Scarlett Parade is a London-based duo hailing from the Isle of Man, the tiny island located in the Irish Sea between Liverpool and Belfast. Formed in early 2011, members Adam Jones and Geoffrey Tinkler, both 24, have a strong songwriting partnership that is designed to showcase their strengths, not only as songwriters, but multi-instrumentalists also.
Friends for many years, Adam and Geoff were classmates throughout high school and performed in various bands throughout this time. In the years following high school, Geoff attended university studying music whilst Adam toured in the blues-rock band Back Door Slam, playing all over North America as headliners, as well as opening for Kid Rock, Gov’t Mule, George Thorogood and Lynyrd Skynyrd among many others.
From the second you hear the opening piano bars of the track “I Don’t Need Your Love,” you know that this debut Scarlett Parade album is going to be something totally different. And when the song breaks into it’s full throated soulful cry, you know you are not wrong, by a long way.
Not often enough does an album really draw you in nowadays. This one is truly a grandiose statement combining the traditionally emotional celtic vocal sounds, made world-famous by the likes of U2, Simple Minds, The Proclaimers and The Waterboys, with the profound rock foundation of Led Zeppelin, Nirvana and Pearl Jam. All Played out, mainly using piano driven riffs and hooks, solely led by the haunting voice of Geoffrey Tinkler. Unique, to say the least.
The lyrics are intelligent, the vocals expressive, and the sound original, often stripped to the bare essentials and never overproduced. Letting the music breathe comfortably.
Songs like “March Of The Fallen” strongly demonstrate Scarlett Parade’s deepest love and passion for the art they produce and the messages they transmit. What comes across first and foremost throughout the music, is the honest emotion and atmosphere, ever-present in their interpretations. The sound is organic and almost tangible, overtly because the live-sounding mix on the album seems to place the listener in the same room as the band performing live.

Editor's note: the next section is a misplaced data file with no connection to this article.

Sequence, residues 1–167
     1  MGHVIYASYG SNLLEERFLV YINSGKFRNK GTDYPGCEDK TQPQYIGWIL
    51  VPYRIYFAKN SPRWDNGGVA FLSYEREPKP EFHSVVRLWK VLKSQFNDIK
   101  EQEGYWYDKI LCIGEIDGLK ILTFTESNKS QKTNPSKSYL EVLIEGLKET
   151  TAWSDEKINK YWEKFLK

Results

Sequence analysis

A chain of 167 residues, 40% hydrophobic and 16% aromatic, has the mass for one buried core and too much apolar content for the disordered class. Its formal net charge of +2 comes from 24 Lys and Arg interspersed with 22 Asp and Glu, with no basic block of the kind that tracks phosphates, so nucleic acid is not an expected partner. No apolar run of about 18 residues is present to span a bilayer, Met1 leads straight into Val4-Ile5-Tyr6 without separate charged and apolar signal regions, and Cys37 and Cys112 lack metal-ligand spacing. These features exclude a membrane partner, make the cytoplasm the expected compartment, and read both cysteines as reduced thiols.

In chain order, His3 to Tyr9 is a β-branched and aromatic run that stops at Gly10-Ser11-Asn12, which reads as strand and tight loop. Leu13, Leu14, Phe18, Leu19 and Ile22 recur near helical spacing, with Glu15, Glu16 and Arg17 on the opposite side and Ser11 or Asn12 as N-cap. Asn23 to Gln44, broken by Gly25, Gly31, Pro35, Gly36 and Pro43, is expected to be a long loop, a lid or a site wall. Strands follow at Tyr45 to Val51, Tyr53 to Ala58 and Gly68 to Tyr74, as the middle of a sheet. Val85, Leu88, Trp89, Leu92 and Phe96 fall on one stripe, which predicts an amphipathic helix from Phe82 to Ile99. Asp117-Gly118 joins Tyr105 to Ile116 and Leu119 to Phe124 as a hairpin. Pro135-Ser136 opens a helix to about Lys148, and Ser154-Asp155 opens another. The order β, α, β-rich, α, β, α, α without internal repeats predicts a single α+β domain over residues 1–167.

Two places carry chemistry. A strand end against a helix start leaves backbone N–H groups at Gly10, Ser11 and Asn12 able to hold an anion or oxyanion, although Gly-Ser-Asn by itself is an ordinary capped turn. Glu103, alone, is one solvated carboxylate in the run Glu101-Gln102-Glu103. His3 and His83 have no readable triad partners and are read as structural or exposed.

“The Time Ain’t Coming Around” showcases the duo’s ability to work their way around groovy timeworn rhythms and piano hooks, without ever loosing that modernistic, state-of-the-art roots appeal. This is partly due to Geoffrey Tinkler’s passionate, but easy off-the-cuff singing, while he and Adam Jones just let the grooves flow and grow in a rather understated way, rather than explicitly driving it’s tempo to the limit.
“Billie” prepares to warm-up the rock engines with some earnest electric six-string riffs, leading Scarlett Parade into the album’s outright rock opus, “Black As The Sun.” The track has strong psychedelic overtones and sounds as if it could easily have come off classic, late 60’s albums by Cream or The Jimi Hendrix Experience.
Once again, on this closing track, this unusual rock duo manage to engrave a personal contemporary feel to the song, maintaining their appealing, state-of-the-art, roots sound.
Our advice is to get this debut album by Scarlett Parade, relax on a sofa or on an isolated beach somewhere in the world and listen, it will feed your soul and warm your spirit.